How Luxury Brands Should Navigate Chinese Fonts

What Happened: Last week, China’s state media, Xinhua News Agency, reported that the National Press and Publication Administration and the National Radio and Television Administration jointly launched a dedicated campaign to regulate the use of Chinese characters. According to the notice, authorities nationwide have the right to implement censorship on publications (including packaging and brand campaigns), TV shows, as well as online video and radio programs. The initiative aims to “rectify the problems of incorrect and non-standard use of Chinese characters and to eliminate ‘ugly’ and ‘weird’ font usage which contain vulgar and sloppy exaggerations and deformations in fonts, or violate the writing norms, cultural connotations, and aesthetic standards of Chinese characters.”

The Jing Take: With this new initiative, global brands need to pay more attention to their campaigns, packaging, and ads that involve Chinese fonts. Though characters seem to be an obvious and go-to strategy for brands to leverage in China, they are indeed one of the most difficult elements to design with, especially when it comes to commercial font choices. 

Moreover, using Chinese characters appropriately — as defined by Beijing — can be challenging for luxury fashion houses, as what looks visually appealing may not be inline with Beijing’s proper use guidelines. Take Dior: Two years ago it launched a limited edition of its iconic Book Tote but with an added touch of personalization — Chinese characters. The typeface they used, Source Han Sans, which was invented by Adobe and Google, fell flat with netizens, stating the font looked “clunky,” “weird,” and “feeling like a gimmick to win local consumers.”

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However, there have been successful designs that have been well received. Prada’s logo for their cultural hub, Rong Zhai, is one such example. The font was created by repositioning the length and position of the strokes, which harmoniously merged both Rong Zhai’s historical background and Prada’s modernity that aligned well with the Italian house’s cultural integrity.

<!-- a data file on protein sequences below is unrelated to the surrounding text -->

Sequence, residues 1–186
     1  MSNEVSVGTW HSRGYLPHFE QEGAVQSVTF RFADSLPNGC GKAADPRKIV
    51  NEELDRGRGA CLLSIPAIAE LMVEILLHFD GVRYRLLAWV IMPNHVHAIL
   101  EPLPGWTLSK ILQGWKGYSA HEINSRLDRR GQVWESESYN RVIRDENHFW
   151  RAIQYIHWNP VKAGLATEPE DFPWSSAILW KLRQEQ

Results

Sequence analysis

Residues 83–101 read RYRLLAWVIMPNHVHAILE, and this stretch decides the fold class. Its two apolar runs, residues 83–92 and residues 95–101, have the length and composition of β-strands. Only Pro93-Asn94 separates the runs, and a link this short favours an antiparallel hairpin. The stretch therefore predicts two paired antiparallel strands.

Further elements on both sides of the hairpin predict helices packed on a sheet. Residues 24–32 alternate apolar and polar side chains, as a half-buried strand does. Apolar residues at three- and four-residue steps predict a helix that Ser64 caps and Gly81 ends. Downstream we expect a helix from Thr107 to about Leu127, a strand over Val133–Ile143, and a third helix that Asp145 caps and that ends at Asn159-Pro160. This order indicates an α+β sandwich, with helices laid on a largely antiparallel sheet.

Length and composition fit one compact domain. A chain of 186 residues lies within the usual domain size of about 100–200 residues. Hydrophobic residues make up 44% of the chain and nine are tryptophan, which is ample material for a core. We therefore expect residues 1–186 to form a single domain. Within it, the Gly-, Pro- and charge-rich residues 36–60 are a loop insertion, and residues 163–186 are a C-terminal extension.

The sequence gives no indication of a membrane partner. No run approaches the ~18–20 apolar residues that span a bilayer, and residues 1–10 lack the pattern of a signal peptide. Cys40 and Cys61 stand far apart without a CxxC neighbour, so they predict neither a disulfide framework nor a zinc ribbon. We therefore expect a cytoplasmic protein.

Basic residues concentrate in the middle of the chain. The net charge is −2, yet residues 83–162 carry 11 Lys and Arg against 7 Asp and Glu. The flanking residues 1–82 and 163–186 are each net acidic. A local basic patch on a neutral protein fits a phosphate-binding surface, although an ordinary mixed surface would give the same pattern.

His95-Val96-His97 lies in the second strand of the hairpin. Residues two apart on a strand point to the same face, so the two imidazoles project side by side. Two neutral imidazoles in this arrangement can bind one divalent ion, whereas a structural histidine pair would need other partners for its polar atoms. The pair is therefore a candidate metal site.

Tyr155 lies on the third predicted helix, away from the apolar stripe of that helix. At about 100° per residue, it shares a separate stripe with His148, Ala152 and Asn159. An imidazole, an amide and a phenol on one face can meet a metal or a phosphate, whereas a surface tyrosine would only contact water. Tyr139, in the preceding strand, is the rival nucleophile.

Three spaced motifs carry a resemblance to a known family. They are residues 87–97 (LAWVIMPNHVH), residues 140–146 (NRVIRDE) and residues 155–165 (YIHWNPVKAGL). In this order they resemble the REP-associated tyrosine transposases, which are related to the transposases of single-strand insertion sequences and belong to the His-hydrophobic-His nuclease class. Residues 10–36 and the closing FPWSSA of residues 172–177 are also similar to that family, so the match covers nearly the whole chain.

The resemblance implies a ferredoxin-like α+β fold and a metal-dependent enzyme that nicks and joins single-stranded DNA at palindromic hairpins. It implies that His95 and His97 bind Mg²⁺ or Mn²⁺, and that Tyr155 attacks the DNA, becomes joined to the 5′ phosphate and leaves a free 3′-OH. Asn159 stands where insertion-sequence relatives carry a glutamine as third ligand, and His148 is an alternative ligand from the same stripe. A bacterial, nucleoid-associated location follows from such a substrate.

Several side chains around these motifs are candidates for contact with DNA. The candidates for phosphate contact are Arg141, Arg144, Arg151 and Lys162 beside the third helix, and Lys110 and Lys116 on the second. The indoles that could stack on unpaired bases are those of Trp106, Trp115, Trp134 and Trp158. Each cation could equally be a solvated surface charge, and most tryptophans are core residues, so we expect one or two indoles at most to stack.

The Rong Zhai logo (pictured left) is a good example of Chinese font design. Photo: Prada’s Weibo

To date, however, there isn’t a reliable standard to follow, and there’s a fine line between creativity, especially in luxury marketing, and being inappropriate. International brands need to recognize this and work more closely with their China counterparts to not only send the right message to their customers, but also a message that resonates with the brand. Perhaps easier said than done. 

The Jing Take reports on a piece of the leading news and presents our editorial team’s analysis of the key implications for the luxury industry. In the recurring column, we analyze everything from product drops and mergers to heated debate sprouting on Chinese social media.